Friday, August 11, 2006

"Hare Brain, Tortoise Mind" and "The Wayward Mind"

These are the titles of two books by British psychologist Guy Claxton (see his website) that I think have received less attention than they should. (It seems to me that British and American psychologists group themselves in quite separate worlds.) The first book is a lucid presentation of experimental work that supports Herbert Spenser's dictum "The determined effort causes perversion of thought." Claxton uses the term "undermind" to describe intuitive and integrative processes normally beyond the range of, and can be inhibited by, our focused awareness. Extremes of being indiscriminately intuitive or insisting on lots of high-quality information can block results.

The term 'undermind' hasn't caught on, and the subsequent excellent book "The Wayward Mind" reverts to using the term "unconscious". "The Wayward Mind" is a history of human attempts to explain the unconscious mind, from ancient descriptions of the 'underworld' to the theories of modern neuroscience.

Here are (clipped and truncated) some lines from pp 348-352 of "Wayward Mind" that I like:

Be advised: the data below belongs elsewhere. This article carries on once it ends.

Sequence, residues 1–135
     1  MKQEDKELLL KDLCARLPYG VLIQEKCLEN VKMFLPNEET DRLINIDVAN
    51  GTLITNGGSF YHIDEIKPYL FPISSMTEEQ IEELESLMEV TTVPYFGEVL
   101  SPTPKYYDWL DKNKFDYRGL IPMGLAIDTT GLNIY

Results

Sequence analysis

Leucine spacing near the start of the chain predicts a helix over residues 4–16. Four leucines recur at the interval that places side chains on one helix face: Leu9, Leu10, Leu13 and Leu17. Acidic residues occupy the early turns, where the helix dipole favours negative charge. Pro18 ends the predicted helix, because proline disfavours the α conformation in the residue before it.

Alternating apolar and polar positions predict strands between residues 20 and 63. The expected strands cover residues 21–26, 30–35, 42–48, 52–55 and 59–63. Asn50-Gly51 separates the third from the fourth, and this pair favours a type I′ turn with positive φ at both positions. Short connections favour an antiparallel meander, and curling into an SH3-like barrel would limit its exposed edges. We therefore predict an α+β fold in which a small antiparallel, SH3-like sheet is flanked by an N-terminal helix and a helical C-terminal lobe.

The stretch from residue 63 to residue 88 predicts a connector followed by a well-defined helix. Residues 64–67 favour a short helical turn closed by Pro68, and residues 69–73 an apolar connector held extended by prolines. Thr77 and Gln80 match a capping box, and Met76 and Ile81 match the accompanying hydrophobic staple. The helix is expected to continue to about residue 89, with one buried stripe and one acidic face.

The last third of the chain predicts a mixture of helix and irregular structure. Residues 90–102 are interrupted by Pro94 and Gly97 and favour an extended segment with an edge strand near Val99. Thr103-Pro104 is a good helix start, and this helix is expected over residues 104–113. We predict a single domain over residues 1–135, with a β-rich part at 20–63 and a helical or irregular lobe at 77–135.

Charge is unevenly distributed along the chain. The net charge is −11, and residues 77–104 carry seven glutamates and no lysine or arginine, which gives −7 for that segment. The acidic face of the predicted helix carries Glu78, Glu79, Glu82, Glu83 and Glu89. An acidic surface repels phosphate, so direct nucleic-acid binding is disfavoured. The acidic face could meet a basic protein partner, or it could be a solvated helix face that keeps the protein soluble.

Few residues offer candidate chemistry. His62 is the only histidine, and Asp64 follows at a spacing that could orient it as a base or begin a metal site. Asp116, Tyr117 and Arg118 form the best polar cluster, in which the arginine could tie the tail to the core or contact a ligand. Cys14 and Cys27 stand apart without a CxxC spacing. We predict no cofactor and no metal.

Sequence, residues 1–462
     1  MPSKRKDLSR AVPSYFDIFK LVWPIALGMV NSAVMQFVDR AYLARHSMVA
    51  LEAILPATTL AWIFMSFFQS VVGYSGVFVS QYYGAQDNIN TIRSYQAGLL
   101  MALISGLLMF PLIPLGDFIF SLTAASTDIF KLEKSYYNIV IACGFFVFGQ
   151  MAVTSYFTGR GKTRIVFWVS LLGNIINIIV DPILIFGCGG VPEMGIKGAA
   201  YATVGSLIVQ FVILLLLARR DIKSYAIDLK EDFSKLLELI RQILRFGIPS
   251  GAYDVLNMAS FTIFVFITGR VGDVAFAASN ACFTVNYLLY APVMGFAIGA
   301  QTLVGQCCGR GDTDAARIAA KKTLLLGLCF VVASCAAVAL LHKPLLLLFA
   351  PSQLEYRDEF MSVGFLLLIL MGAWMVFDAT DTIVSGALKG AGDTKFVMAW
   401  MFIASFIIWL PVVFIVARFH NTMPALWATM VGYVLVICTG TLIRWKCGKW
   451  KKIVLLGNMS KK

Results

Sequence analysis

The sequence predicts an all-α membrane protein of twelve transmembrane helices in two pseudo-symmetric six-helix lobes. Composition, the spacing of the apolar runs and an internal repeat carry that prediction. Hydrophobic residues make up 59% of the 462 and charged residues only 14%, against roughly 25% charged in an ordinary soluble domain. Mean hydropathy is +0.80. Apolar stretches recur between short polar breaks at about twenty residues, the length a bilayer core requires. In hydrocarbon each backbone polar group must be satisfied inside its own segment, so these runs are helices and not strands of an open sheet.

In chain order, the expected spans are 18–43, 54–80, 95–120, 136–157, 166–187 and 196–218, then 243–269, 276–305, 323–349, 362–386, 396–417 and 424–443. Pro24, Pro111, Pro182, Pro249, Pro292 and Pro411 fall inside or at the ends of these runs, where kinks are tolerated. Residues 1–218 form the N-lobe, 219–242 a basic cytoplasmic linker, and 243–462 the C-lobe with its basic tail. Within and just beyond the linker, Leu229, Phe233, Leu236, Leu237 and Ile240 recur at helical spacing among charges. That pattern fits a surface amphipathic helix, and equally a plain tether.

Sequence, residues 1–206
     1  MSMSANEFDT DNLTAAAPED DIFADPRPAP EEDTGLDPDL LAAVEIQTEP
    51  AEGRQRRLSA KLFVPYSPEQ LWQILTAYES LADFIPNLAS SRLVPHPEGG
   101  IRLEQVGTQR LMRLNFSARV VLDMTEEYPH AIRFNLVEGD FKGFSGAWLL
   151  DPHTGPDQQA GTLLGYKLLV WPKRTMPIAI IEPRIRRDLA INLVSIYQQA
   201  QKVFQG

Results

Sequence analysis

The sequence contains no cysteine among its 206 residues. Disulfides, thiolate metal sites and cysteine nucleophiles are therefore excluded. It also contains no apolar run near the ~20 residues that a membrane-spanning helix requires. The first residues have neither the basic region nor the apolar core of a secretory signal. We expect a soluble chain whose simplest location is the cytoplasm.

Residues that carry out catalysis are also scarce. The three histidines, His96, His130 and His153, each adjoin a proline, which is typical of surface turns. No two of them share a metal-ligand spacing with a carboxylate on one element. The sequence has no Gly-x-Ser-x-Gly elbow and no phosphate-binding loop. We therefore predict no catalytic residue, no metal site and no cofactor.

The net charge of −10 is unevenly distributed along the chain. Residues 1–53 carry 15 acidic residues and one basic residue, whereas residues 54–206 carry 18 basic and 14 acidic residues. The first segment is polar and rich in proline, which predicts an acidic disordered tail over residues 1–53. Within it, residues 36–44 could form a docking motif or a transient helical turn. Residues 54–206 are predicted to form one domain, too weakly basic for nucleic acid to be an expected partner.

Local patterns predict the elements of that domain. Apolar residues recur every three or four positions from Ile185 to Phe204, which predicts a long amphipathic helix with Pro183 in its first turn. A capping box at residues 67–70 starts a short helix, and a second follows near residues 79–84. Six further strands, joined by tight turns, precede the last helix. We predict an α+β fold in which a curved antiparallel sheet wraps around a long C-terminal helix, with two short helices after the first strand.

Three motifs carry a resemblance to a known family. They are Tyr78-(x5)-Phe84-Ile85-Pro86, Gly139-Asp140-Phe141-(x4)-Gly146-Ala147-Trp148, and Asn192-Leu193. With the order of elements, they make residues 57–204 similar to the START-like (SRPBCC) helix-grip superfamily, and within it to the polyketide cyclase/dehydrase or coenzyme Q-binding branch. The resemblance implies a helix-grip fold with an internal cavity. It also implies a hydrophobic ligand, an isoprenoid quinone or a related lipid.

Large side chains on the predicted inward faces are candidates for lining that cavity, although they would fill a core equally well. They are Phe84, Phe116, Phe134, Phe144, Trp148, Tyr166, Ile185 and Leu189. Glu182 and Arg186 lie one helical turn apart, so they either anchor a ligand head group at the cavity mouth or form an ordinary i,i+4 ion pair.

"What we call our ‘self’ is an agglomeration of both conscious and unconscious ingredients: cans, needs, dos, oughts, thinks….these constructions hold out an overwhelming temptation: to assume that the “I” is the same in all of them… so that instead of having an intricate web of things that make me Me, I have to create a single imaginary hub around which they all revolve, to which they all refer…the attempt to keep this fiction going, to ‘hold it together’ can become quite tiring and bothersome… If “I” am essentially reasonable, if I imagine that my zones of control – over my own feelings for example – are wider and more robust than they are, then I am going to get in a tangle trying to ‘control myself.’ If I have decided that who I am is clever, attractive, athletic, stable, creating the hub of “I” locks everything together and prevents it moving. It stops Me expanding to include the unconscious, or graciously shrinking to accommodate old age. I can’t enjoy my waywardness, nor see it as an intrinsic part of ME….All the evidence is that a more relaxed attitude toward the bounds of self makes for a richer, easier and more creative life. Perhaps, after all, waywardness in all its forms is in need not so much of explanation, but of a mystified but friendly welcome. We can explain it if we wish, and the brain is beginning to a reasonable job. But the need to explain, when not motivated by the dispassionate curiosity of the scientist, is surely a sign of anxiety: of the desire to tame with words that which is experienced as unsettling.. "

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